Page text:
The disorder and thuggery that occurred on and around bonfire night, which involved not just fireworks and pyrotechnics but bricks and even petrol bombs, was sickening. I express my heartfelt thanks to our emergency services for their dedication and bravery in working in appalling situations to keep our communities as safe as possible.
I welcome the fact that Police Scotland has made it clear that investigations are on-going and that it aims to bring the culprits to justice. I urge any member of the public who has relevant information to get in touch with the police, either directly or anonymously through Crimestoppers.
Thank you. I warmly welcome the minister to her new role and associate myself with her comments about the emergency services.
Between 2016 and 2020, there were only four solemn and 16 summary firework convictions, and there were no firework convictions whatever in 2020-21. The way in which the Scottish Government has constructed its proposed licensing scheme makes it even more important that there are convictions. How will the minister ensure that there are convictions arising from this year’s events?
I thank Katy Clark for her question and her welcome.
There is no equivocation on the part of the Scottish Government. Where there is offending of the type that has been seen over recent days, we will fully support Police Scotland in pursuing investigations, and, where sufficient evidence is obtained, using its powers appropriately to make arrests and bring charges.
It is difficult to get an entirely comprehensive picture of convictions because of the range of common-law and statutory offences that may be relevant.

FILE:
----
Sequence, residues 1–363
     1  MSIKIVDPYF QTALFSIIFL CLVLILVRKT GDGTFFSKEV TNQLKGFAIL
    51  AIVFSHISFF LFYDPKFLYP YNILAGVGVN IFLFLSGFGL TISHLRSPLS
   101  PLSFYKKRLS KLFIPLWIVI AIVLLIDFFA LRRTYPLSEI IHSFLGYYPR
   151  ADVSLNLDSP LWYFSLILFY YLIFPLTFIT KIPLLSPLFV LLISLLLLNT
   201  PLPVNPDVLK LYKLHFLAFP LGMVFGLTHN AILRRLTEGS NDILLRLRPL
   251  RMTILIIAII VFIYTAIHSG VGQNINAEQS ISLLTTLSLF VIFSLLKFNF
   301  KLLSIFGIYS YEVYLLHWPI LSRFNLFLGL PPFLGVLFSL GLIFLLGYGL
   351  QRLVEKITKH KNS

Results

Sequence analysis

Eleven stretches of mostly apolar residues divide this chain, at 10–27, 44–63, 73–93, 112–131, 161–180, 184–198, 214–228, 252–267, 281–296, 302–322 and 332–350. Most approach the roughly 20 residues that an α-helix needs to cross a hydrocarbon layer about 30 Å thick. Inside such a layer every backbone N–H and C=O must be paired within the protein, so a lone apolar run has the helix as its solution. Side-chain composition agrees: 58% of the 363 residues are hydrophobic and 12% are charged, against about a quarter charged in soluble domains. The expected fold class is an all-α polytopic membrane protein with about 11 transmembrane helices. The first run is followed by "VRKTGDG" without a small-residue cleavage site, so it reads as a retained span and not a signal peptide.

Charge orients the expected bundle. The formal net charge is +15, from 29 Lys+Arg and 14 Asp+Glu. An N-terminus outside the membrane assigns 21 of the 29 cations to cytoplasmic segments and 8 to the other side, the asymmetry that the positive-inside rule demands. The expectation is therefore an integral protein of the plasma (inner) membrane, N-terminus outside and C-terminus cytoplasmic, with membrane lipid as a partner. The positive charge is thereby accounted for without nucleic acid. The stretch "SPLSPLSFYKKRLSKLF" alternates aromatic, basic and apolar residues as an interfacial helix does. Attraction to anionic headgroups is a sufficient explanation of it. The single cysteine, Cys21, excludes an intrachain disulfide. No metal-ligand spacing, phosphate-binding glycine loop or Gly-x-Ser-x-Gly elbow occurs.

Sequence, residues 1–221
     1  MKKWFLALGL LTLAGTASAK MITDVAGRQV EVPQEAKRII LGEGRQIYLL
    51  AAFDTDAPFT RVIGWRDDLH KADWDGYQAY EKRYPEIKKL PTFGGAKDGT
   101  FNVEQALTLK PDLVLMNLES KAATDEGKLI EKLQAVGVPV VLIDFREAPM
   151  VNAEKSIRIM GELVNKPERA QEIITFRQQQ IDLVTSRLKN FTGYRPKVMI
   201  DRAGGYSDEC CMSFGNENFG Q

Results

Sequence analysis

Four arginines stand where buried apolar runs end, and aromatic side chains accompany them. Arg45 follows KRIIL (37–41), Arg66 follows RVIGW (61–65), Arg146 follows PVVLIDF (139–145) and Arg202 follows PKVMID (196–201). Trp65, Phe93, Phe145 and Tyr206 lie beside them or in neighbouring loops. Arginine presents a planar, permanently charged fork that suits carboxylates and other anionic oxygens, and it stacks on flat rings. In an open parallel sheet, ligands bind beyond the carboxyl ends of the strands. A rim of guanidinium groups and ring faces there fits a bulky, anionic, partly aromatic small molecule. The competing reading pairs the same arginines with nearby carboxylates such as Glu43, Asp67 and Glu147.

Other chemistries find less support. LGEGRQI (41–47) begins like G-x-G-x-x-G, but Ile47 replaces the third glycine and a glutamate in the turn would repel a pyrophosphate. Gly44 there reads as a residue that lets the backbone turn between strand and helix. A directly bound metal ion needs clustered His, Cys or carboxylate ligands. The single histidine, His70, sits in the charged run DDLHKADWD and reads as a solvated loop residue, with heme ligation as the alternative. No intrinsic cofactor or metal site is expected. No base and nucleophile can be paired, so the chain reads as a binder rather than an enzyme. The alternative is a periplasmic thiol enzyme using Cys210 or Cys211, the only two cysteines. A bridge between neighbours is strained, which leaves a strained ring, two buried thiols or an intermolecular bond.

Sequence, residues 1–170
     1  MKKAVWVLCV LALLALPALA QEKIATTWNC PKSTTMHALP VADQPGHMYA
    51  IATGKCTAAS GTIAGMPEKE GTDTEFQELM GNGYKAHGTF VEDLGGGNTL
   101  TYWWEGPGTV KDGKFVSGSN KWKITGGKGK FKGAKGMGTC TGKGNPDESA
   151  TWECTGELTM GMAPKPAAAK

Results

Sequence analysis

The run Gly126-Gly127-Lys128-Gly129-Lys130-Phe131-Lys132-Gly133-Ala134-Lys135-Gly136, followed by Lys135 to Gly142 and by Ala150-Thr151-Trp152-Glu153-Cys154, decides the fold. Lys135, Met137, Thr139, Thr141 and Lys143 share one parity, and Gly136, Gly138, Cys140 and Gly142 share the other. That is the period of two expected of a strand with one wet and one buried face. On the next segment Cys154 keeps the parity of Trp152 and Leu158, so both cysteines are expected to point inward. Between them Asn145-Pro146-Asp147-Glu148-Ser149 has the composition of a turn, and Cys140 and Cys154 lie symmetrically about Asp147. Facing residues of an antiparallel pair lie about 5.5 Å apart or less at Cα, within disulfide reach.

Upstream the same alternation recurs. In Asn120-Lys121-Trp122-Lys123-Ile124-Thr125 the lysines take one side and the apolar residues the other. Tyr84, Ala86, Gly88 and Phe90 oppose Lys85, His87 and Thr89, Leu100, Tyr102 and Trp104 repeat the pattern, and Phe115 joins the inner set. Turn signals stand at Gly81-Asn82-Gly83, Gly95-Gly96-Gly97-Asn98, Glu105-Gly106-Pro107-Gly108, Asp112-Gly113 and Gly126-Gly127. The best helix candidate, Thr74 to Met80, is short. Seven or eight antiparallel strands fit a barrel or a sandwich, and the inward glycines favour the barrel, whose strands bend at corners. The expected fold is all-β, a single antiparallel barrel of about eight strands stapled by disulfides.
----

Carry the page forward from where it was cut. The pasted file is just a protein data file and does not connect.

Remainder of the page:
This is also a matter for the courts, and it would be wrong of ministers to criticise or second-guess the sentences that the courts impose, as only the courts have all the weighted evidence in front of them. I am clear, however, that the courts have extensive sentencing powers in this area, under a range of common-law as well as statutory provisions, and I will be keeping a close eye on how things develop.
When the Criminal Justice Committee considered the recent fireworks legislation, there was considerable discussion about how people might bypass the licensing system by buying online or on the black market. Will the minister take steps to find out where the fireworks that were misused came from and whether they were bought in a shop or online or obtained elsewhere?
Once there has been a full investigation into the circumstances of this year’s events, will the minister ensure that there is a full report to Parliament?
Although, at this point, we are not aware of any clear evidence to suggest that there are a lot of black market sales and that it is widespread issue, we know that there have been isolated incidents involving the supply of illicit firework products. Enforcement agencies have well-established processes in place to tackle black market sales. Every year, there is a big multi-agency planning operation to identify and tackle emerging issues, involving Police Scotland, Trading Standards Scotland and the Scottish Fire and Rescue Service.
I plan to work closely with enforcement bodies to monitor illicit firework sales in Scotland. As part of that, the Scottish Government has funded